Ancestry.com boasts more than 3 million paying customers from around the world, and the DNA data it manages is highly valuable to anyone who would be interested in selling it to, say, pharmaceutical companies or medical data firms. It’s almost a no-brainer that a big hedge-fund company would want a slice of the pie.The clincher seems to be that:
Of course, if you submitted DNA information to Ancestry.com, this also means your data is at risk of being sold or traded.Duh! That was always the case. In fact, the DNA part of Ancestry is handled by a subsidiary of Ancestry LLC doing business as AncestryDNA. Here is the summary from Wikipedia: Ancestry.com.
If you read the agreement or read the Terms and Conditions at the bottom of the Ancestry.com website pages and provided to you when you purchased your DNA test kit from AncestryDNA, you would already know the following (See https://www.ancestry.com/cs/legal/privacystatement#GeneticInformation):AncestryDNA is a subsidiary of Ancestry LLC. AncestryDNA offers a direct-to-consumer genealogical DNA test. Consumers provide a sample of their DNA to the company for analysis. AncestryDNA then uses DNA sequences to infer family relationships with other Ancestry DNA users and to provide what it calls an "ethnicity estimate". Previously, Ancestry.com also offered paternal Y-chromosome DNA and maternal mitochondrial DNA tests, but those were discontinued in June 2014. The company describes the technical process of testing in a scientific white paper. In July 2020, the company claimed that their database contained 18<https://www.ancestry.com/corporate/about-ancestry/our-story> million completed DNA kits bought by customers.Ancestry DNA is commonly used for donor conceived persons to find their biological siblings and in some cases their sperm or egg donor.The testing itself is performed by Quest Diagnostics.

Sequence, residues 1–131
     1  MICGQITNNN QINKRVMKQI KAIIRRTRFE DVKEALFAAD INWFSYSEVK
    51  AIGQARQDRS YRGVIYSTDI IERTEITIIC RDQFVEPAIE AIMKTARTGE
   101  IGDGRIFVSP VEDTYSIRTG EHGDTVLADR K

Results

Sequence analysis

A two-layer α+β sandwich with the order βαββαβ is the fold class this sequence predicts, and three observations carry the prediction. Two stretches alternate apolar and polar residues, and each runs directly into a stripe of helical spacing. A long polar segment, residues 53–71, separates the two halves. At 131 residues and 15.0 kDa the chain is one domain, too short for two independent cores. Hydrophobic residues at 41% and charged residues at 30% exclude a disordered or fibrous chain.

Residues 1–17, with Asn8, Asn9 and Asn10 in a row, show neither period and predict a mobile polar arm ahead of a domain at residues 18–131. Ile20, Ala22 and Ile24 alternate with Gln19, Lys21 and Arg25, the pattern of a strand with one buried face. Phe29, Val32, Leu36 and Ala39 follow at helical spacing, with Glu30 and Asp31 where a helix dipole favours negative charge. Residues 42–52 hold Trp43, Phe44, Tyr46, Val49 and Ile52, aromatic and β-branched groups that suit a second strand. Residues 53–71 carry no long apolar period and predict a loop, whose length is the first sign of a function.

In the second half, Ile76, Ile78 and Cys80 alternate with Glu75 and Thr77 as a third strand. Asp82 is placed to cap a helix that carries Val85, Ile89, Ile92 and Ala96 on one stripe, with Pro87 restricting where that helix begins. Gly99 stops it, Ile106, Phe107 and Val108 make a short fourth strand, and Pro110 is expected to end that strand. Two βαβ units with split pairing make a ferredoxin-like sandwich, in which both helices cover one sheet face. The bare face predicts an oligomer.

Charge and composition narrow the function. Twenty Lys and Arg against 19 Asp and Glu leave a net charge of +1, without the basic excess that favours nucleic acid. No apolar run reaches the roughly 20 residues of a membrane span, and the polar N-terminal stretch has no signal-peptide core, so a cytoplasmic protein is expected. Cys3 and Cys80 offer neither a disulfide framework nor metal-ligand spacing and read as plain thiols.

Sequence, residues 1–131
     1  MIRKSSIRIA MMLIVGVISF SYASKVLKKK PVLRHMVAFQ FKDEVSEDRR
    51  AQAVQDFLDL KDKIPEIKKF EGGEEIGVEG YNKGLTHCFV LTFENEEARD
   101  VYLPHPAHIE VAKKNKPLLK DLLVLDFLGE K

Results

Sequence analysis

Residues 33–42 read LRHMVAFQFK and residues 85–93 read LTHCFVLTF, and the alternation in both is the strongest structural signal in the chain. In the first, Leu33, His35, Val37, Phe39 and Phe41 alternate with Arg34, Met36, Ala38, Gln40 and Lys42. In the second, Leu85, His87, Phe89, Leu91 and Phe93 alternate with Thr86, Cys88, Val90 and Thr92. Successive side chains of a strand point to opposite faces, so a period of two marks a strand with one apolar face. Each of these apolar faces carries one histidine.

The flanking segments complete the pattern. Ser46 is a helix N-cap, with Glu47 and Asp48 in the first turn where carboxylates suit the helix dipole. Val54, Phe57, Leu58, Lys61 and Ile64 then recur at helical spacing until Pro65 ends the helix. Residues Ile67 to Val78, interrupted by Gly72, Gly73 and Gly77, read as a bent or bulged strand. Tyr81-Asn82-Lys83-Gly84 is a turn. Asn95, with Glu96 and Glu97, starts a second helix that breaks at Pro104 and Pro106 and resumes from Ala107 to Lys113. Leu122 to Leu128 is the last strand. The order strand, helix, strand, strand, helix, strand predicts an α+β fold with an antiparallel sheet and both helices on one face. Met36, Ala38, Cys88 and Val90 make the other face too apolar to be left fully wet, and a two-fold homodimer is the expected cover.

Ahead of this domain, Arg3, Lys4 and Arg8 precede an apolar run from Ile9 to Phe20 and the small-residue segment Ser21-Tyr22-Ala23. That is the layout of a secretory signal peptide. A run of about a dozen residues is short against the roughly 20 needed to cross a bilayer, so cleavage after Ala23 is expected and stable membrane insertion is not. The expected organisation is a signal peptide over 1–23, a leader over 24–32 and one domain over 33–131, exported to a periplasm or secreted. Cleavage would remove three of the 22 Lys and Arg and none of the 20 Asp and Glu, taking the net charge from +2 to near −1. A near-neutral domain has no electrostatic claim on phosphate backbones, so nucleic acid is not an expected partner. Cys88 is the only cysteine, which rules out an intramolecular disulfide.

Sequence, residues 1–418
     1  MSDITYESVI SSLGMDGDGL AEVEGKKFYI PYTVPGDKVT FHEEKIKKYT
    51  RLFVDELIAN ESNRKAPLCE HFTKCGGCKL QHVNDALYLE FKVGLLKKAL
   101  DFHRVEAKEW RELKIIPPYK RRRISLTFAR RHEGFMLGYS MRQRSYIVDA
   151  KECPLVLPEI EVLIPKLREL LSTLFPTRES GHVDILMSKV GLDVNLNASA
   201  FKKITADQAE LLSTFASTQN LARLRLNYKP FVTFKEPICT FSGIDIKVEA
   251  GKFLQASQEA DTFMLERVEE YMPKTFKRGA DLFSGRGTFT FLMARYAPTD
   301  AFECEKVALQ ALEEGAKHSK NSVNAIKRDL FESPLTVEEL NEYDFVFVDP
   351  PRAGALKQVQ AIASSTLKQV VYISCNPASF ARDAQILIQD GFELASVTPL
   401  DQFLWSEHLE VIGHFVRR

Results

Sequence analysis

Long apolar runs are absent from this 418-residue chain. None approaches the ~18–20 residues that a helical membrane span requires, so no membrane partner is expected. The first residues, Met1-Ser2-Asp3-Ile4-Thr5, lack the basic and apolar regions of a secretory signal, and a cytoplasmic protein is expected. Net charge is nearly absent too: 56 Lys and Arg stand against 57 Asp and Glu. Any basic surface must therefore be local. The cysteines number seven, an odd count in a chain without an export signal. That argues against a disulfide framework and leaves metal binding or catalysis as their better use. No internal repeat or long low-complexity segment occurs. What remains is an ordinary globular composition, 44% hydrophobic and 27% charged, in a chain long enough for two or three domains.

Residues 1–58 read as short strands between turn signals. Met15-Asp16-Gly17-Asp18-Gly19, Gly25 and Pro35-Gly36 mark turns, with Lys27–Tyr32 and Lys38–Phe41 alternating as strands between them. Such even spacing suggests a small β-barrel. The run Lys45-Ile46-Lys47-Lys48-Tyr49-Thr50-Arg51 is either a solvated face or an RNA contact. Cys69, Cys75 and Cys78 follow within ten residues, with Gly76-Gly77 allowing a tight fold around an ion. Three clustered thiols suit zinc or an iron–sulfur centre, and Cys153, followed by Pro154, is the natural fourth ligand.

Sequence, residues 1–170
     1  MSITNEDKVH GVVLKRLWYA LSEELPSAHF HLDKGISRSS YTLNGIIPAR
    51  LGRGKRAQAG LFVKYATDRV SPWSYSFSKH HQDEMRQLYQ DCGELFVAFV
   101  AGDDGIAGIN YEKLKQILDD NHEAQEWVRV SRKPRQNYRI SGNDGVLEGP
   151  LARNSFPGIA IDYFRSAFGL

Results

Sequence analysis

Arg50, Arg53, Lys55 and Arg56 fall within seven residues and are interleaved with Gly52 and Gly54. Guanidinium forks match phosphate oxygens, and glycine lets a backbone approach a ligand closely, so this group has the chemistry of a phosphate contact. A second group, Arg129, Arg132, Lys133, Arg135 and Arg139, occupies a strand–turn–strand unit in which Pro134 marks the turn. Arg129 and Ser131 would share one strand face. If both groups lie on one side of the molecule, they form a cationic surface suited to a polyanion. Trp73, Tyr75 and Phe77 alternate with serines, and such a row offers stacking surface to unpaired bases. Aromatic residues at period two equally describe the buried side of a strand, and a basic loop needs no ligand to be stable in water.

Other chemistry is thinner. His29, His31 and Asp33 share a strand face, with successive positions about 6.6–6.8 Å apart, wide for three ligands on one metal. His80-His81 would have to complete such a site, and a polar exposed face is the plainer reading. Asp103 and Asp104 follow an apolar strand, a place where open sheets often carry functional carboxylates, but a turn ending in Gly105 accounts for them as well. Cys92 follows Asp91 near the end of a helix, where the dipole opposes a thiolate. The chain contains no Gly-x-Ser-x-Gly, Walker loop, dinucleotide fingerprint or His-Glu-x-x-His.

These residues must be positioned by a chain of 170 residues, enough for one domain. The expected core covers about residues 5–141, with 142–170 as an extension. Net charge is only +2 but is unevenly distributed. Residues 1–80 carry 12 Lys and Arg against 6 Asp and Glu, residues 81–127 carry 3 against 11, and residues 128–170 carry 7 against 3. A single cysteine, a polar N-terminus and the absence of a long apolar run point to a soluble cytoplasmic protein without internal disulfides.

This quote is part of a rather extensive document but it is interesting reading. Also, the Terms and Conditions tells you how to delete your personal information if you wish to do so.7. What Information Do We Share, when Do We Share It and Who are the Recipients?Ancestry does not share your individual Personal Information (including your Genetic Information) with third-parties except as described in this Privacy Statement or with your additional consent. We do not voluntarily share your information with law enforcement. Also, we will not share your Genetic Information with insurance companies, employers, or third-party marketers without your express consent.NOTE: Ancestry does not sell your Personal Information.Ancestry may share the following categories of Personal Information about you or your use of the Services with the types of entities set forth in this section for business purposes (as defined by applicable law), or as required by applicable law:Identifiers (such as name, address, email address); Account Information (such as shipping address); Credit Card/Payment Information; Computer or Mobile Device Information; Audio and Visual information (such as recordings of calls with Ancestry Member Services or information voluntarily shared when doing consumer insights research); Inference data about you; Other Protected Classifications (such as gender and marital status); Health Information as well as Biological, Physiological, or Behavioral Traits and anything else mentioned in the table below.